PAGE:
clues in other docs that may help you find the owner (possible co-
owners that were/are relatives, various addresses, SS# are on some
public docs, believe it or not.)

Are there liens you can buy besides the deed of trust(s)? Joe mentions
HOA (if they’ve filed one yet). Anything else?

Have your checked the Superior Court filings for leads on ex spouses,
child support payments made to another county? Lots of clues there.

If you like, email me and I’ll run the owner(s) names through my
protocols and see if I can find some direction for you to go. I don’t
want any deals in San Diego, so no need to fear any competition from


Pull the bank’s file… - Posted by Ben (NJ)

Posted by Ben (NJ) on August 12, 2007 at 05:53:45:

the foreclosing bank has to make a diligent effort at locating and serving the defendant homeowner or their foreclosure judgment can be vacated. Their file is public record and can be obtained at the courthouse or through a seach service.

Re: pre-forclosure: cant find owner - Posted by Joe Kaiser

Posted by Joe Kaiser on August 12, 2007 at 24:49:26:

Buy the HOA lien and take control.


Attempt to buy the Deed of Trust - Posted by JT-IN

Posted by JT-IN on August 11, 2007 at 18:50:21:

Not all lenders are going to entertain the idea, but if you don’t ask them, they won’t be asking you first. The worst they can say is NO… but maybe they say YES. Purchase at a discount of fair value…

Therein, you step into their shoes and become the party pursuing the foreclosure action. You will likely end up with the property if you are successful in becoming the owner of the paper. In that case you could pursue the foreclosure action, still continuing to attempt to locate the owner for a deed in lieu offer, providing that the title to the property is clean, except for the taxes and the DofT… Be careful on this and make sure you rely on accurate info when assessing what to offer.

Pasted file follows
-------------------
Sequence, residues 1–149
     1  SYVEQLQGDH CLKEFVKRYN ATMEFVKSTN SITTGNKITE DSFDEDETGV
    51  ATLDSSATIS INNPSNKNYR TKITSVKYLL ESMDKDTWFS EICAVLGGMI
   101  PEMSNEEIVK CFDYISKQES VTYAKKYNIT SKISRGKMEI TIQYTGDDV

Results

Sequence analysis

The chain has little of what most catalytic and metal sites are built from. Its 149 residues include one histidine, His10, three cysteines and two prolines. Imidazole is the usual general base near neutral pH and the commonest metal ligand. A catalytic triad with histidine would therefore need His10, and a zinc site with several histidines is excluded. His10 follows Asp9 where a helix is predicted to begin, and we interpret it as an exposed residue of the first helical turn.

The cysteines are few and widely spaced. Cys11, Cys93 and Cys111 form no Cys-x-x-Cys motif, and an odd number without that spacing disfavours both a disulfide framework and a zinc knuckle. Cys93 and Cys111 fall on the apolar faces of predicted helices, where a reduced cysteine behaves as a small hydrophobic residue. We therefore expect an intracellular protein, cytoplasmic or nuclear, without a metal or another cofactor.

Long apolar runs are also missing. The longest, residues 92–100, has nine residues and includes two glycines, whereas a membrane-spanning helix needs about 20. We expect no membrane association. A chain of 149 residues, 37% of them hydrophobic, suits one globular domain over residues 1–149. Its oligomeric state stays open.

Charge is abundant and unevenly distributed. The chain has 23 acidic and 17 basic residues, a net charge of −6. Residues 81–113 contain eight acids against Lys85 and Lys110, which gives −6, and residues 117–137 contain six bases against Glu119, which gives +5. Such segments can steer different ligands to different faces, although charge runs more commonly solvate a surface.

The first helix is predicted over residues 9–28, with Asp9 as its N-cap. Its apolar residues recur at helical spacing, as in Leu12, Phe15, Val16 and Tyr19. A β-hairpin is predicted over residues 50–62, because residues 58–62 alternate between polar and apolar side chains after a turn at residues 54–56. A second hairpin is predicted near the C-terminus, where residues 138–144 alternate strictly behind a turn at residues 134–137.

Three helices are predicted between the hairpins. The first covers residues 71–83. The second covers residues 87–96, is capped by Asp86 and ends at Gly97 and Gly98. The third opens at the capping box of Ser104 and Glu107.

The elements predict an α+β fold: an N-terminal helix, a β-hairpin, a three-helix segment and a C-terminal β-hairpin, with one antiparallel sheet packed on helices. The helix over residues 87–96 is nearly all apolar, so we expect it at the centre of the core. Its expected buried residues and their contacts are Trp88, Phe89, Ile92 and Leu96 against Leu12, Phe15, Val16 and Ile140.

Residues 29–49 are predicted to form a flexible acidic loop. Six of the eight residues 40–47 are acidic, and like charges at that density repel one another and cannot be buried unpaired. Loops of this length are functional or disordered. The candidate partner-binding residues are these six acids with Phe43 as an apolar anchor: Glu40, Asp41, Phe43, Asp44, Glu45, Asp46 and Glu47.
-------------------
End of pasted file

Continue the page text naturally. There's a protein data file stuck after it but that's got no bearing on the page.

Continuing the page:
Start by locating the loss mit folks of the DofT or servicing company and ask “if they sell the paper”. IF they say yes, then you could an idea in mind of what you might offer; ballpark. Even if they don’t react favorably to the idea, the experience of dealing with them will expand your horizons.


Re: pre-forclosure: cant find owner - Posted by Bill H

Posted by Bill H on August 11, 2007 at 14:04:29:

CA is a Tax Deed State…that means the property taxes have been delinquent for over 5 years and it has deafulted to the state. Doubtful this will happen if there are mortgages or other lienholders…they must be notified and can redeem to protect their interest.

ill H

Re: pre-forclosure: cant find owner - Posted by Jeff

Posted by Jeff on August 11, 2007 at 13:33:53:

I recommend you buy the ebook from this site: It will show you what to do next.

Nah, this is CA, foreclosure is non-judicial - Posted by Kristine-CA

Posted by Kristine-CA on August 12, 2007 at 21:10:26:

HI Ben. The original post is about a missing owner and Deed of Trust. No
judicial activities on this one. The trustee has to do precious little,
actually, to notify the borrower. Non-judicial means no court file, etc.